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Susanna Childress
(Regent Student '05)

Susanna Childress grew up both in the Philippines and along the United States’ Ohio River, in a region known as Kentuckiana. She began writing short stories and poetry at Indiana Wesleyan University, where she received a BA in Writing and Literature, and continued to graduate school in Texas and Florida, earning her Master’s and PhD, respectively, in Creative Writing. In 2005, she published her first book of poetry, married musician Joshua Banner (MCS ’12), honeymooned in Vancouver, and took a poetry course with Josh at Regent. The couple began writing songs during their long-distance engagement; together they form the band Ordinary Neighbors, with work based on Susanna’s writing and Josh’s musical talent. Their first full-length CD, titled The Necessary Dark, was released late in 2012. They currently live in Holland, Michigan, with their children, dogs, a fish, and a worm farm. Visit her website here.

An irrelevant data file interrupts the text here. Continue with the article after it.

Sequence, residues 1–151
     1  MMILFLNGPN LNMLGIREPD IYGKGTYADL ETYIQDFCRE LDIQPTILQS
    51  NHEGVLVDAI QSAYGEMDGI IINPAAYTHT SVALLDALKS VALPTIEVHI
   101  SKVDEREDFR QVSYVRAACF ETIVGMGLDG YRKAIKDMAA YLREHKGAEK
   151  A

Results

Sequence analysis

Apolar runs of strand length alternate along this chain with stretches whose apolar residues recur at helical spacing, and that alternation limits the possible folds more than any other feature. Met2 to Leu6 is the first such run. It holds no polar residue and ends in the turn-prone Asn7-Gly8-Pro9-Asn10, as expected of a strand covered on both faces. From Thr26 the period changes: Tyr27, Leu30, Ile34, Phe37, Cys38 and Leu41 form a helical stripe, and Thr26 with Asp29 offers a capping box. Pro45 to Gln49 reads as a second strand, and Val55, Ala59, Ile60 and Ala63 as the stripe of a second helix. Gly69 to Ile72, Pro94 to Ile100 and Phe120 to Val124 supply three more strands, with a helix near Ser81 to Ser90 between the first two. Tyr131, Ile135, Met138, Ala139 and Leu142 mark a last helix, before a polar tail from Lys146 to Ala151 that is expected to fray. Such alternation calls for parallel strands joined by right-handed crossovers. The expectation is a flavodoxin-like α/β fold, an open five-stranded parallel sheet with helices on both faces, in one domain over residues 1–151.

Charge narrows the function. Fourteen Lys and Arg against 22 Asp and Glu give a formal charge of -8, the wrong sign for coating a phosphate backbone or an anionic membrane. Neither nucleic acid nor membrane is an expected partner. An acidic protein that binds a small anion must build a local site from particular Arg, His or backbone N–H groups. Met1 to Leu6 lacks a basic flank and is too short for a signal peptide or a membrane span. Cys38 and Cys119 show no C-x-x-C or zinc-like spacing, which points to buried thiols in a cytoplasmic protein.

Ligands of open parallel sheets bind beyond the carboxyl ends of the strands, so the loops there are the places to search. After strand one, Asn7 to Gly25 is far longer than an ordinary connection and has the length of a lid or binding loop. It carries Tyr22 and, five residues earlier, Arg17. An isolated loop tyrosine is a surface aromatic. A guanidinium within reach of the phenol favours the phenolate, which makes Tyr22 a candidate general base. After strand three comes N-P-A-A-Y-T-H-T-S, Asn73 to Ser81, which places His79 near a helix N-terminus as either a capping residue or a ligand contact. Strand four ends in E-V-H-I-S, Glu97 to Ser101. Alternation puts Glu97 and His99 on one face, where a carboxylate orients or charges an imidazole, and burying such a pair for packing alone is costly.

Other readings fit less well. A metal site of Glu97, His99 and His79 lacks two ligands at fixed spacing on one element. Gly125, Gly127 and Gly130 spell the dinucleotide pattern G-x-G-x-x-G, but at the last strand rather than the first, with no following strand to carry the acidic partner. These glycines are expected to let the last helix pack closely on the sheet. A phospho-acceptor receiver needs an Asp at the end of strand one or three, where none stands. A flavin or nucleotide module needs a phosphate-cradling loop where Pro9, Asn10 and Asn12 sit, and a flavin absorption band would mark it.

I create because some things cannot come out any other way. Writing connects me to human experience(s), my own and others’. Reading is similar, in a slightly more passive (though no less meaningful) way. What are we connecting to? To what makes us alive. And to abstractions. To joy, fear, doubt, awe, all in spectacularly specific, tangible, human, fleshy ways. Writing, whether sonnet or short story or song, is using the stuff of everyday—words, sounds—to connect to something I could not otherwise. The more fully alive I am, the more reverence I have for being God’s creature—this very particular creation. Writing makes me more in love, more aware of grace. Trying to capture a finger dipped in honey, the moon, or a botched haircut feels like a kind of prayer. Even describing what is harsh, the raw and ugly, pulls me outside of myself in a realm of bigness. Often I’m doing this unawares, reaching beyond, reaching for the holy. When Josh and I write songs together, though, when we’re both in a place of “pressing in,” it’s easier to appreciate the quiet little crevice that opens up. A song like “Ontario” did not start out a poem but a melody (for which I credit Josh). We sang it into being over several nights, returning to the dual sensations of wonder and grief wrapped up in place and seasons and good art. Of longing for God and loving what is human, all at once.

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